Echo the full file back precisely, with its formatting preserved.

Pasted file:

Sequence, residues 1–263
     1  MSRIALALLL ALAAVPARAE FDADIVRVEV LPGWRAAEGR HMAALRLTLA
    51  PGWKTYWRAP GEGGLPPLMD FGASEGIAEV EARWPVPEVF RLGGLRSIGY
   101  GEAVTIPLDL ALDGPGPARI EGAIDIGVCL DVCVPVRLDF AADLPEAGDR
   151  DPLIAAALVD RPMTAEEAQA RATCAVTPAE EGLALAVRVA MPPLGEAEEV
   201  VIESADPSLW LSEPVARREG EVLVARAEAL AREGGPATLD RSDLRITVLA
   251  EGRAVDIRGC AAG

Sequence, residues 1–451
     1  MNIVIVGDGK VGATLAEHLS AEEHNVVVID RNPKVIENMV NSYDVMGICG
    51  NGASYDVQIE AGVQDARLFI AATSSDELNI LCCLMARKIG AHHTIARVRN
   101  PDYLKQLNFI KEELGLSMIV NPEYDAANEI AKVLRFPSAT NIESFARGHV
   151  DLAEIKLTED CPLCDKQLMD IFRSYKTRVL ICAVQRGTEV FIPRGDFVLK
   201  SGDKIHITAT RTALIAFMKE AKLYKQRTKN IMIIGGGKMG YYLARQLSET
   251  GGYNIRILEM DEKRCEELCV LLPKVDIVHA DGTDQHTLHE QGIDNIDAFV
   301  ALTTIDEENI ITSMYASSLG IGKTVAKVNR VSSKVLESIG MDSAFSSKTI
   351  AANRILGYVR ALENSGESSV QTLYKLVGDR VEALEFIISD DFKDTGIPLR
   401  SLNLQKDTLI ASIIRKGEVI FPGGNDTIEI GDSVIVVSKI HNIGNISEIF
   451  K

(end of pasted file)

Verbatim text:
Sequence, residues 1–263
     1  MSRIALALLL ALAAVPARAE FDADIVRVEV LPGWRAAEGR HMAALRLTLA
    51  PGWKTYWRAP GEGGLPPLMD FGASEGIAEV EARWPVPEVF RLGGLRSIGY
   101  GEAVTIPLDL ALDGPGPARI EGAIDIGVCL DVCVPVRLDF AADLPEAGDR
   151  DPLIAAALVD RPMTAEEAQA RATCAVTPAE EGLALAVRVA MPPLGEAEEV
   201  VIESADPSLW LSEPVARREG EVLVARAEAL AREGGPATLD RSDLRITVLA
   251  EGRAVDIRGC AAG

Sequence, residues 1–451
     1  MNIVIVGDGK VGATLAEHLS AEEHNVVVID RNPKVIENMV NSYDVMGICG
    51  NGASYDVQIE AGVQDARLFI AATSSDELNI LCCLMARKIG AHHTIARVRN
   101  PDYLKQLNFI KEELGLSMIV NPEYDAANEI AKVLRFPSAT NIESFARGHV
   151  DLAEIKLTED CPLCDKQLMD IFRSYKTRVL ICAVQRGTEV FIPRGDFVLK
   201  SGDKIHITAT RTALIAFMKE AKLYKQRTKN IMIIGGGKMG YYLARQLSET
   251  GGYNIRILEM DEKRCEELCV LLPKVDIVHA DGTDQHTLHE QGIDNIDAFV
   301  ALTTIDEENI ITSMYASSLG IGKTVAKVNR VSSKVLESIG MDSAFSSKTI
   351  AANRILGYVR ALENSGESSV QTLYKLVGDR VEALEFIISD DFKDTGIPLR
   401  SLNLQKDTLI ASIIRKGEVI FPGGNDTIEI GDSVIVVSKI HNIGNISEIF
   451  K